“We looked at the total picture of the diversified farm, and I think it was a pretty good system, but you just can’t survive these kinds of prices.”
– ROBERT MCLEAN
Even the operations designed to finish hogs without huge capital costs haven’t been spared from the slump in industry profitability.
Biotech housing operations made a splash a few years ago, offering farmers a way to get into the hog-finishing business without sinking a pile of money into the concrete, slats, manure lagoons and climate control systems found in modern, large-scale pig barns.
Resembling a small wooden corral with bent steel hoops overhead holding up a giant tarp to keep the weather out, a biotech hog shelter could be thrown up for anywhere from $10,000 to $20,000 in a fraction of the time needed to build conventional housing.
Manure management was touted as simpler, too, since the hogs are kept knee deep in straw, and odour was kept to a minimum. A farmer could scoop all the manure out quickly with a Bobcat loader, pile it up for composting, and spread it on his fields as nutrient-rich fertilizer.
“That was my total farm plan,” said Robert McLean, who raised hogs in biotechs on his farm near Manitou for 15 years. He expanded the pigs-on-straw and cattle operation about five years ago after his son Don came back from university.
At the time, he figured adding hay to his rotations would pull up the nutrients that had gone into the subsoil after years of cropping grains, and a portion of the grain crops would be cycled through the hogs and cattle and spread back on the fields as manure to further reduce fertilizer costs.
“We looked at the total picture of the diversified farm, and I think it was a pretty good system, but you just can’t survive these kinds of prices,” he said.
They finished about 1,800 hogs a year up until last November. The four years previous, they hadn’t turned a profit due to high feed costs and low prices. Now with futures prices at $115 per hog, it doesn’t look like they’ll be stocking the biotechs with weanlings anytime soon.
“When he came back, I said that we really couldn’t afford to expand in land, because grain land was so expensive, so we diversified into cattle and hogs,” he said.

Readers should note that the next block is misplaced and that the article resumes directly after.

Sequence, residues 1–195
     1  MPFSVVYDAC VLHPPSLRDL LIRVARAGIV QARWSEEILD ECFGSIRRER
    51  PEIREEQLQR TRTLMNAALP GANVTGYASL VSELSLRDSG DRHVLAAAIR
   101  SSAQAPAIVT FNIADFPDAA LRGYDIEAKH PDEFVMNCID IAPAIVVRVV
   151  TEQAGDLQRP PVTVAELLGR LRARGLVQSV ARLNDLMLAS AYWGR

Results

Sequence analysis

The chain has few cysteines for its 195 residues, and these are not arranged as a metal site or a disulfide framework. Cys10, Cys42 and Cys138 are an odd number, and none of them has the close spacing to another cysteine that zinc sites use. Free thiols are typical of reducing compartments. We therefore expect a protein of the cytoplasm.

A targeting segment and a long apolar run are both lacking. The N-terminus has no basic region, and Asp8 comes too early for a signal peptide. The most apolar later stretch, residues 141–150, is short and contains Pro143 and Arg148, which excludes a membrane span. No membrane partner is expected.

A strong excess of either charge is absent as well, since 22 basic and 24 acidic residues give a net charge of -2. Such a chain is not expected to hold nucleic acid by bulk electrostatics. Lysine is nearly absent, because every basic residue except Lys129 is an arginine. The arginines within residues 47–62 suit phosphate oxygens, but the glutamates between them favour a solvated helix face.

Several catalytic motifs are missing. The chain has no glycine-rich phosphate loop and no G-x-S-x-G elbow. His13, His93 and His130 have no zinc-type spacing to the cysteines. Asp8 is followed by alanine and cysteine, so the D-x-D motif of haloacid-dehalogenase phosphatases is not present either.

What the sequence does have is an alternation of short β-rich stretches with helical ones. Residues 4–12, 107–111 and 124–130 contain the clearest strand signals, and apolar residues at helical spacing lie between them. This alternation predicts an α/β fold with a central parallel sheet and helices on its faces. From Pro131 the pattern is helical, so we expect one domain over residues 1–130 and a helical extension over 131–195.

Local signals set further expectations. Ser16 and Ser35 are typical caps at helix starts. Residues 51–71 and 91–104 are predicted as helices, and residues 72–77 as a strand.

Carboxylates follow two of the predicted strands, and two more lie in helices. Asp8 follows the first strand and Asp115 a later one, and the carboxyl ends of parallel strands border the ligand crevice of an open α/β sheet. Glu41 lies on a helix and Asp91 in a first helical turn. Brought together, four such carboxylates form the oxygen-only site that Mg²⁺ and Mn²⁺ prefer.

“But of course, looking back now, that was probably the worst mistake you could have made, because we hit BSE, then poor prices in the hog industry.”
PROGRAMS NO HELP
Now, the grain side keeps the farm going. CAIS and AgriStability payments didn’t help at all, because one side of the farm’s revenue balanced out the other.
“There’s way more labour and management with the biotechs, and your feed costs are quite a bit higher in the wintertime, but personally I think we would have done all right with them,” he said.
The McLeans still have their cattle, but he joked that it would take a moment of weakness, a big bottle of whiskey, and $200 per hog to get them back into the hog-finishing game.
David Rourke, who runs 13,000 finishers a year through a hoop-house finishing operation using spent grains from his on-farm, small-scale ethanol operation said that he has lost money on hogs for two of the past six years. The Minto-area farmer also farms 5,000 acres and oversees an agronomic research business.
“We had done fairly well by forward pricing and buying feed at the right price until recently,” he said.
We thought the summer might be a good time to be on cash basis – or at least our advisers did – so we didn’t lock any in. Now we’re suffering along with everybody else,” he said.